Effect of specific trinitrophenylation of the lysine epsilon amino group of glucagon on receptor binding and adenylate cyclase activation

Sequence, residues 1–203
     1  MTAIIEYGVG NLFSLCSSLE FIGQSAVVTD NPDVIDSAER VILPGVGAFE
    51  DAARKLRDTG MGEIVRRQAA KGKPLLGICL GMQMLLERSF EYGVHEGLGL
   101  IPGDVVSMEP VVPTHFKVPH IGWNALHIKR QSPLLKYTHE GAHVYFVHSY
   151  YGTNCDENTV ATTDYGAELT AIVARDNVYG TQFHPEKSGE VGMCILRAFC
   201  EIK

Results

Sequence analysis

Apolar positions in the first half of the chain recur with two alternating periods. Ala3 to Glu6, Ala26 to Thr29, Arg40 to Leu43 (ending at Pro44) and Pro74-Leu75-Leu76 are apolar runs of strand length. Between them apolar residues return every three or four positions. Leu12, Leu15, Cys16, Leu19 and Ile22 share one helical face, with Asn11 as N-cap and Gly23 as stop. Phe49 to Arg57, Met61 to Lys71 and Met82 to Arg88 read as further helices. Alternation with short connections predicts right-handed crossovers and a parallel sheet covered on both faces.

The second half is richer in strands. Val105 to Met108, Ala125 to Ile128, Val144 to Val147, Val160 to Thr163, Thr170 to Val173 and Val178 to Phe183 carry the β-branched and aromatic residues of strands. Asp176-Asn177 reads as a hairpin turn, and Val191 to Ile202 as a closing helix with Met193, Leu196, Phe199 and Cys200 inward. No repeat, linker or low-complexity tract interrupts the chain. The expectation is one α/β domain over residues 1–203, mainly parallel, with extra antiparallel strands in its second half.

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The trinitrophenyl group was specifically introduced into the epsilon-amino group of glucagon by reaction of N alpha-citraconyl glucagon with trinitrobenzenesulfonic acid. The N alpha-citraconyl blocking group was subsequently removed by acid treatment yielding N epsilon-trinitrophenyl glucagon which was purified by anion-exchange chromatography. The derivative showed less secondary structure as measured by circular dichroism than the native hormone at pH 8.0 and at pH 2.0 in the presence of sodium dodecyl sulfate. The analog possessed 4-5% the potency of glucagon in stimulating adenylate cyclase with 90% maximal stimulation and possessed 30% the potency of glucagon in competing for glucagon-specific receptor sites in hepatic plasma membranes. Although the structure of N epsilon-trinitrophenyl glucagon is very similar to N epsilon-4-azido-2-nitrophenyl glucagon, the photoaffinity antagonist synthesized by M.D. Bregman and D. Levy [(1977) Biochem. Biophys. Res. Commun. 78, 584-590.], the biological activities of the two are different. Possible explanations for these differences are discussed.
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